Learning is an iterative process. This is why having a growth mindset about your learning area is so important. Your mindset will help you learn from failures and hiccups and try new things. Your initial focus (see questions above) will likely shift and change as well as you begin to learn and experience more in your journey. Staying agile along the way will help you identify opportunities in your busy schedule to keep the learning going. Ideally, you’ll find opportunities in your daily activities to practice, observe, and improve. Here are a few tips to keep the progress moving forward. 

1. Start sprinting

In Agile project management, teams huddle often to design their next iteration of work by considering the constraints on resources, time, and priorities. We suggest a similar approach. Each week, look at your calendar and identify when you can and should focus on your learning. This might be doing research, using an existing meeting to practice a skill, blocking off an hour to design, reaching out to experts or peers for opinions, asking for feedback. Some weeks will be easier than others. The trick is to take 5 minutes each week to look ahead and plan for those opportunities.

2. Experiment

Identify ways to experiment with your learning, particularly if you’re growing a skill or a capability. Our team will often do this when we’re learning a new technology or trying to learn how to work more collaboratively. We’ll research, design a new method, and then test it for a period of time. You first define what you want to test, identify what results you hope for, try the skill or technique, and watch what happens.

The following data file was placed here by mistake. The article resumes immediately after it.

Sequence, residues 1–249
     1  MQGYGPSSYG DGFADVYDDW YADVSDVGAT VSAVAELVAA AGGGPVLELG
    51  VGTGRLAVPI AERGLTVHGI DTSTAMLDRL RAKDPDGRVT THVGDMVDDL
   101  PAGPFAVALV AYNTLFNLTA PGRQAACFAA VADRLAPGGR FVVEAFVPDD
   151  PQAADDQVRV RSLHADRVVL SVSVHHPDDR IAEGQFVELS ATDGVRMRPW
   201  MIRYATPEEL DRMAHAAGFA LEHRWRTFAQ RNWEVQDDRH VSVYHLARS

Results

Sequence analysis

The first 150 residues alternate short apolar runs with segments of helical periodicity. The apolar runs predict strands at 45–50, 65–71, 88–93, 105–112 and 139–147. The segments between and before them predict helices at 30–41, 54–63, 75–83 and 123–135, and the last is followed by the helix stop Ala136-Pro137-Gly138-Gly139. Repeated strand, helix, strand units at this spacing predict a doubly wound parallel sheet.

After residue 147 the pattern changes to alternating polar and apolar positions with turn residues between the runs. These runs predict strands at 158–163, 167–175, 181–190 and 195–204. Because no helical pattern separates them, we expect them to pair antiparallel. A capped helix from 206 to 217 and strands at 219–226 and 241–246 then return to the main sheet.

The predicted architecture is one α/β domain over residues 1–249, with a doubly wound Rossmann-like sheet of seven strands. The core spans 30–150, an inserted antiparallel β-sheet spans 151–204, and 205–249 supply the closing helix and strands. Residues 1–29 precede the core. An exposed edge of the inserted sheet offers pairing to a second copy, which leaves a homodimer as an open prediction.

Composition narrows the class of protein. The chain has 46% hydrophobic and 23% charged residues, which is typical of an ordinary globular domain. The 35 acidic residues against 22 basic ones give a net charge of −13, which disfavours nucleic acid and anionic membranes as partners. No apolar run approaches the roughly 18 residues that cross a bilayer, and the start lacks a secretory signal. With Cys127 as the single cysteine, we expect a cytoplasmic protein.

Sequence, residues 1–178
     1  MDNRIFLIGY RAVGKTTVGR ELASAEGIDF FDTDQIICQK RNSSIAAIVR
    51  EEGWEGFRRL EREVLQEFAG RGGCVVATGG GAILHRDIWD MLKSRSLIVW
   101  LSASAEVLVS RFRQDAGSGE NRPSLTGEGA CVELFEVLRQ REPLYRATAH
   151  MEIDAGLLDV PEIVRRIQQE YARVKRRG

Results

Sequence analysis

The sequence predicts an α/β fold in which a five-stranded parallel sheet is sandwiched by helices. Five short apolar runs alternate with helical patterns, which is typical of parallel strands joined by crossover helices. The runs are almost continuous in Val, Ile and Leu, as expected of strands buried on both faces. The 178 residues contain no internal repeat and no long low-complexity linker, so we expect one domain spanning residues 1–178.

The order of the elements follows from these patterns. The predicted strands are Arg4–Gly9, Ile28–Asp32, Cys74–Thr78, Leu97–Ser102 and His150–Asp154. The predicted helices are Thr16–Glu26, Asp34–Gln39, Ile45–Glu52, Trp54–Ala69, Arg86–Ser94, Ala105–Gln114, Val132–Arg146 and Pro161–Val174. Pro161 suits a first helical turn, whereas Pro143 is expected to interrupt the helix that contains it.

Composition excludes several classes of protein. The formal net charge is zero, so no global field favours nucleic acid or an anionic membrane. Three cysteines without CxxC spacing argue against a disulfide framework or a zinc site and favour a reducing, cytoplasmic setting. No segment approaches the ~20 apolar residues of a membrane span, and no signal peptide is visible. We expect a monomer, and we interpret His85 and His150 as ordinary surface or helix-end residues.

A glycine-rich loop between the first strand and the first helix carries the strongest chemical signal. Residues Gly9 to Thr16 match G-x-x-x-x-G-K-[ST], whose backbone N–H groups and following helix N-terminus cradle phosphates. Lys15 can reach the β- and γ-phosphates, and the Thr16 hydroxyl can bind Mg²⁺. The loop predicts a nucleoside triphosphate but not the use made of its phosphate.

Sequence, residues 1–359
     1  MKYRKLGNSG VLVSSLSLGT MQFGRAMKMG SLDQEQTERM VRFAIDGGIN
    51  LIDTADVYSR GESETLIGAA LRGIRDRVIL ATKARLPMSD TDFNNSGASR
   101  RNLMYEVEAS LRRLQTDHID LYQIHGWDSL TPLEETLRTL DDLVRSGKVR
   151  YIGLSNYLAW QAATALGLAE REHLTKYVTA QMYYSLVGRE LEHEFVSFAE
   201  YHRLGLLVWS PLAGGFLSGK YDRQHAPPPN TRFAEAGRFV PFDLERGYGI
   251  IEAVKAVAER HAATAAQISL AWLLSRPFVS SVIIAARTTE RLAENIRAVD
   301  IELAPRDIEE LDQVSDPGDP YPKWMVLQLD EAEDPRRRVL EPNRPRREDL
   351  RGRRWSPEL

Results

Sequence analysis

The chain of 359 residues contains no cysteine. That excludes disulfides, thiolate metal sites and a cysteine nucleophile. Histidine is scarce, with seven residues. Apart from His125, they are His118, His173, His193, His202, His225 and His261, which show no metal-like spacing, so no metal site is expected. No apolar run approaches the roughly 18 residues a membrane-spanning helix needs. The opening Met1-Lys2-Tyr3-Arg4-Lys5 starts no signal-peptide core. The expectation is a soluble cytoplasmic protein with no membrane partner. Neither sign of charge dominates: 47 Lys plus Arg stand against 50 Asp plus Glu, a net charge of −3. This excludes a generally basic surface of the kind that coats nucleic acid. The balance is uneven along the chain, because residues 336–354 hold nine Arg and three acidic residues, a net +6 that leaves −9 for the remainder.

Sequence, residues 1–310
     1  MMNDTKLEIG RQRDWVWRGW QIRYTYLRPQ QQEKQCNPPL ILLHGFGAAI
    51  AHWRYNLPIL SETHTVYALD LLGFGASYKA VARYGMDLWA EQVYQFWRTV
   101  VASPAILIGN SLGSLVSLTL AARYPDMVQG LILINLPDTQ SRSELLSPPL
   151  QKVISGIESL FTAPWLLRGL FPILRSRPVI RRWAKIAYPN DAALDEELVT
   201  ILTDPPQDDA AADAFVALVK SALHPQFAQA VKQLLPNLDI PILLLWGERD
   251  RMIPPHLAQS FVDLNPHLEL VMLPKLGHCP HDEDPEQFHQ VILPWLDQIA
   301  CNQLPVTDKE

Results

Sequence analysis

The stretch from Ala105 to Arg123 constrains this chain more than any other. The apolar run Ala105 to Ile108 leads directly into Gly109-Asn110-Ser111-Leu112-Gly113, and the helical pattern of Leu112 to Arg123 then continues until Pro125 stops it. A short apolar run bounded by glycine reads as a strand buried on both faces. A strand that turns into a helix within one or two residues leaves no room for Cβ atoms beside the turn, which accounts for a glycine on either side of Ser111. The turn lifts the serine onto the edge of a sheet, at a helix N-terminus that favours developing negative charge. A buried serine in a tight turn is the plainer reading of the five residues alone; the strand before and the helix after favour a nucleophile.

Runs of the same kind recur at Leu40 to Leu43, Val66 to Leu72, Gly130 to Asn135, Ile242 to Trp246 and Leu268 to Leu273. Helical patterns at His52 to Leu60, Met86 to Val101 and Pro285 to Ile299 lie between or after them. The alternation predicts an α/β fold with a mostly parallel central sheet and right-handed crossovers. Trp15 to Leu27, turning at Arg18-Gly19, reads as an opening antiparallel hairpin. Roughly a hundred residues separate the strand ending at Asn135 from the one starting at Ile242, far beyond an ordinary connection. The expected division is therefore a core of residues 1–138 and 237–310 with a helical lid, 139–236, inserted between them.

3. Critique

A natural follow-on to experiments is the critique. The critique is a way to reflect on the learning so far and to plan for what’s next. By critiquing the learning, you can go back and hone your focus, plan for additional learning, or pat yourself on the back and consider yourself newly competent in this area.   Here are some critique questions:

  • What happened well, and why?
  • Where there struggles and why?
  • What didn’t happen and why?
  • Did anything unexpected happen and why? 

Hopefully, by taking a small amount of time to shape your learning focus, you can more easily roll up your sleeves and dive into that new skill or topic that will best support your growth. If you’re able to block off some days to attend a course or a workshop, that’s fabulous! The hard part is always the application when you get back into the job. 

The process of sprinting, experimenting, and critiquing is the key to making sure the new learning sticks. If your calendar is double booked and all that you have energy for is Netflix and a glass of wine, then find ways of integrating learning into your existing schedule as best as you can, and be mindful of when learning is taking place. Cheers! 

Want to Create a Learning Plan This Year?

At Thrive at Work, we’re fortunate to be working in all of these areas. We’d be happy to chat further with you about your own ideas, or new ones that you’d like to pursue.

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Evan Ishida

About Evan Ishida

The work I love is designing solutions and experiences that help people learn, collaborate, create, and innovate together. As a proud Ohio University Bobcat, I began my career as an internal consultant, and team leader in large global Fortune 200 corporations where I focused on learning and development, instructional design, communities of practice, and learning technologies.